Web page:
Co-occurrence of pelvic floor dysfunctions in primiparous: a cross-sectional study
IUGA Academy. Monteiro M. Jun 30, 2018; 212839; 395
Prof. Marilene Monteiro
Prof. Marilene Monteiro

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Abstract
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395

Co-occurrence of pelvic floor dysfunctions in primiparous: A cross-sectional study

Pereira, G1;Monteiro, M1; Figueiredo, E1; Reis, Z1; Cruz, M1; Diniz, M1

1: Universidade Federal de Minas Gerais

Introduction: The co-occurrence of pelvic floor dysfunction (PFD), i.e., the occurrence of more than one PFD, varies from 1.3% to 9.9% for double incontinence. Assistance to women with these conditions is still influenced by the scarcity of epidemiological data and by the small number of studies on the subject. The investigation of co-occurrence of PFD may lead to a better clinical and surgical approach since all their symptoms are not reported to the health assistants and surgical treatment does not always improve all complaints.

Objective: The aim of this study was to identify the co-occurrence of PFD in primiparous women two years after vaginal delivery. We hypothesized that the co-occurrence of PFD in this population is more frequent than the isolated occurrence of PFD.

Methods: Data regarding obstetrics characteristics were collected from the maternity database. Validated questionnaires were used to investigate the occurrence and type of urinary incontinence (UI), symptoms of anal incontinence (AI), sexual dysfunction (SD) and staging of pelvic organ prolapse (POP). Descriptive statistics were used to analyse obstetric data and the co-occurrence of PFD symptoms.

Results: Isolated occurrence of PFD was identified in 26.2% of the participants. Co-occurrence of PFD was identified in 60.5% and the most frequent was SD+POP (14.5%), followed by UI+POP+SD (11.8%).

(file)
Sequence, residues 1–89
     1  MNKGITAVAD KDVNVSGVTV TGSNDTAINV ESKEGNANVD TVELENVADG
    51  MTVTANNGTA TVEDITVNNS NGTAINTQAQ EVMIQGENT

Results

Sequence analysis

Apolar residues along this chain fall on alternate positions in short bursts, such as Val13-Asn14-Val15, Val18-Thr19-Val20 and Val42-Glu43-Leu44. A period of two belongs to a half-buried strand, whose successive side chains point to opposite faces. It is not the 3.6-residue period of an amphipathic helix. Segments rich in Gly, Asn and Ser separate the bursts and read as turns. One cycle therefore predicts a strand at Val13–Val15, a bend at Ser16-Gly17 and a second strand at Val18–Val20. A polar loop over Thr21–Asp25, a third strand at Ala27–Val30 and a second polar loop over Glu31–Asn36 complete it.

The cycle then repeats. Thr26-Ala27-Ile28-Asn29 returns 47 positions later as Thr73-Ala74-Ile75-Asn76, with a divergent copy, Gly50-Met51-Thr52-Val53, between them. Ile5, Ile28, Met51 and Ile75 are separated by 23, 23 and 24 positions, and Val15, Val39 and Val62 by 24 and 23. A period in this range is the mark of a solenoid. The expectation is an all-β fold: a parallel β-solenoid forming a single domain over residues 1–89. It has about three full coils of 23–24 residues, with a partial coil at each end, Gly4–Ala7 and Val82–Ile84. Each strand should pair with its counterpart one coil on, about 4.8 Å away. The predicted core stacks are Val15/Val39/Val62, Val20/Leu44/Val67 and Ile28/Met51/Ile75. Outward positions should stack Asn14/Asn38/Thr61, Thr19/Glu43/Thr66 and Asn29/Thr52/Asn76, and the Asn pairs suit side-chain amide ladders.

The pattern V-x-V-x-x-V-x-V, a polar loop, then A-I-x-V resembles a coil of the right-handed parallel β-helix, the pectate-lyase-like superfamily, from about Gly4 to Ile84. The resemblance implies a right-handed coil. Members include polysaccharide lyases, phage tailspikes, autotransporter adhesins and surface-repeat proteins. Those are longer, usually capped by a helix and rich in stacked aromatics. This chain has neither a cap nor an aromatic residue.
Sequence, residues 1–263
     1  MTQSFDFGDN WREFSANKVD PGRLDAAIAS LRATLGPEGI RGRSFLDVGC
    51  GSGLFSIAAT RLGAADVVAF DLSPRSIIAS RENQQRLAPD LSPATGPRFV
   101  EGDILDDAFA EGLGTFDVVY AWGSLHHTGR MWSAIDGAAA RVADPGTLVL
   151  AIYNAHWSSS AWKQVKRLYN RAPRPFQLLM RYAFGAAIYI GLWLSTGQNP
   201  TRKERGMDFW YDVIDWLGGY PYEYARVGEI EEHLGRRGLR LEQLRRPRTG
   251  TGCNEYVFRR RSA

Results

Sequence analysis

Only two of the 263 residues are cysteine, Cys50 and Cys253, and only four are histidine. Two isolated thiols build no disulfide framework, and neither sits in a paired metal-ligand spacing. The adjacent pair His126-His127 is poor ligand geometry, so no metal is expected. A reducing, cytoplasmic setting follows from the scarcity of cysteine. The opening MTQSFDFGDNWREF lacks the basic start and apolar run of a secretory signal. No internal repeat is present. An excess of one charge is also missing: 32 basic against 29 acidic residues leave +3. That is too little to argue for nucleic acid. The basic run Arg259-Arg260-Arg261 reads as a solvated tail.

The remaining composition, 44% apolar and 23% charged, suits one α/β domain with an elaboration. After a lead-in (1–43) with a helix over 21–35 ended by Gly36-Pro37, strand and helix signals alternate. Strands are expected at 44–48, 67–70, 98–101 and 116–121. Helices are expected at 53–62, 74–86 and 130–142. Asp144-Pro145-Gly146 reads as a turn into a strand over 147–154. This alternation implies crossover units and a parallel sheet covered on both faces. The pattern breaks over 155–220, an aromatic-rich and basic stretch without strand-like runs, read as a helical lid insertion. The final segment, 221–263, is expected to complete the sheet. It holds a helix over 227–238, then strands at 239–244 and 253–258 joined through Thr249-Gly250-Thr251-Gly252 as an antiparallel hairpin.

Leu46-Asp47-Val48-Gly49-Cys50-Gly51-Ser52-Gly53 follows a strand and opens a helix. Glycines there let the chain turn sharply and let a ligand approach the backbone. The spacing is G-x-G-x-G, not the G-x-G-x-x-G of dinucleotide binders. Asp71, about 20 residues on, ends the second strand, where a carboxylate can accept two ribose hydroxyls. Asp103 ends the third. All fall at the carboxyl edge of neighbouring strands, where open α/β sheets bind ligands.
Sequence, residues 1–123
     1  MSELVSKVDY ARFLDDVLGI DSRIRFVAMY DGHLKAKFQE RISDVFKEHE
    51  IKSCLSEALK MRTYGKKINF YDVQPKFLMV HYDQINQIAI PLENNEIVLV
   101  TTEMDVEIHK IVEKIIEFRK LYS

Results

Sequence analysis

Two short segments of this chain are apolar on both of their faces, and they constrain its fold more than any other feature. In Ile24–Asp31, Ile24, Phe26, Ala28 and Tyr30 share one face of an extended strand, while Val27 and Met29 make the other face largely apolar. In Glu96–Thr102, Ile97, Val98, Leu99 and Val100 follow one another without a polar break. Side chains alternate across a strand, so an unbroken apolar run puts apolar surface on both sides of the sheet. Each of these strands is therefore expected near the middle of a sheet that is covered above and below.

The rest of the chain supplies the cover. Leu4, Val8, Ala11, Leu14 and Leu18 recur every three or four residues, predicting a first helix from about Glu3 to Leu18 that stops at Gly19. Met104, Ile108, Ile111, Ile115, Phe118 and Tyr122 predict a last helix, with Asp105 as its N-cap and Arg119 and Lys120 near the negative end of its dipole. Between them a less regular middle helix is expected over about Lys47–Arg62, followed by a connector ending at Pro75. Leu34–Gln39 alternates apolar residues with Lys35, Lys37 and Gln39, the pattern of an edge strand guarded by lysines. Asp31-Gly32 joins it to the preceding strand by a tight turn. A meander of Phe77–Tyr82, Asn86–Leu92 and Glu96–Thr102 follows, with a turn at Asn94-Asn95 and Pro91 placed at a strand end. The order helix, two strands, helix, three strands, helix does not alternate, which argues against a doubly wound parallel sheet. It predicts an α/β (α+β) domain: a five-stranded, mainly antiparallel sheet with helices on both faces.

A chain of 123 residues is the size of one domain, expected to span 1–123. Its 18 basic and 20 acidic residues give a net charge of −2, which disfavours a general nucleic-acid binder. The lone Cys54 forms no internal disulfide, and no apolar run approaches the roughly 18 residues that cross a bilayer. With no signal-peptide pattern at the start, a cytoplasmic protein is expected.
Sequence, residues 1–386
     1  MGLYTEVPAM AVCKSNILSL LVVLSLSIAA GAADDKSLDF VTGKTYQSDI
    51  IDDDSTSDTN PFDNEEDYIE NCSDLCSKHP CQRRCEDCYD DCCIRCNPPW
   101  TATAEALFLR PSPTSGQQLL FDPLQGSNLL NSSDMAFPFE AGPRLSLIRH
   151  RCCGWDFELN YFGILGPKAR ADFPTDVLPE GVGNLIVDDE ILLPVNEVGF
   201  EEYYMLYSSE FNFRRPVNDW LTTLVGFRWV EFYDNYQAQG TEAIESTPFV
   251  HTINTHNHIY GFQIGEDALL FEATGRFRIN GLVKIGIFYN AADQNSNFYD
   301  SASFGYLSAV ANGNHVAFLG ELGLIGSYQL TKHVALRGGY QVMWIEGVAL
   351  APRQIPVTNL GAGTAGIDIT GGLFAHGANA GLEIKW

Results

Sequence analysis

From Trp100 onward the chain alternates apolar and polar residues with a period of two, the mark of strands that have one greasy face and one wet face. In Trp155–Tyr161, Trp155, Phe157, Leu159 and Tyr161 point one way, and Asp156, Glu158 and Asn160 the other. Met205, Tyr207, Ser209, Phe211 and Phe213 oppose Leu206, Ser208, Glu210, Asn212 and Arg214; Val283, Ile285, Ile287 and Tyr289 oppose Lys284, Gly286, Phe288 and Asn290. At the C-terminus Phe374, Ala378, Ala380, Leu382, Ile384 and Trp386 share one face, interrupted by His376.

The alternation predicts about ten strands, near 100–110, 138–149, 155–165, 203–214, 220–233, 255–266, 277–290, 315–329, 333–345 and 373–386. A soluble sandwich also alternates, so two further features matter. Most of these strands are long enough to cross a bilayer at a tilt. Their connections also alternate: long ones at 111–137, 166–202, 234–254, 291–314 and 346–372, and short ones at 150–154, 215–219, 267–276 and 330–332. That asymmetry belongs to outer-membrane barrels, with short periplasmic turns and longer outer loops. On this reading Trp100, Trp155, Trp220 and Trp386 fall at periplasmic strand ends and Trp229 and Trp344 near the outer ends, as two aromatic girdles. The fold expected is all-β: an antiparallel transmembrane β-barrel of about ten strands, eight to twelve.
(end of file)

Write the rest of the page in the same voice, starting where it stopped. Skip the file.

Conclusions: POP and SD were the most frequent PFD identified presenting in different combinations with other PFD such as UI and AI. These results illustrate the importance of the co-occurrence of PFD in this population and highlight the importance of a multidisciplinary approach to these women in early ages.

References:

1-Lawrence JM, Lukacz ES, Nager CW, Hsu J-WY, Luber KM. Prevalence and co-occurrence of pelvic floor disorders in community-dwelling women. Obstetrics & Gynecology. 2008;111(3):678-685.

2-DeLancey JO. The hidden epidemic of pelvic floor dysfunction: achievable goals for improved prevention and treatment. American journal of obstetrics and gynecology. 2005;192(5):1488-1495.

3-de Menezes Franco M, Driusso P, Bø K, et al. Relationship between pelvic floor muscle strength and sexual dysfunction in postmenopausal women: a cross-sectional study. International urogynecology journal. 2017;28(6):931-936.


Figure 2: Co-occurrence of Urinary Incontinence (UI), Anal Incontinence (AI),

Sexual Dysfunction (SD) and Pelvic Organ Prolapse (POP) n(%) by a number of participants.

Disclosure:

Work supported by industry: no.

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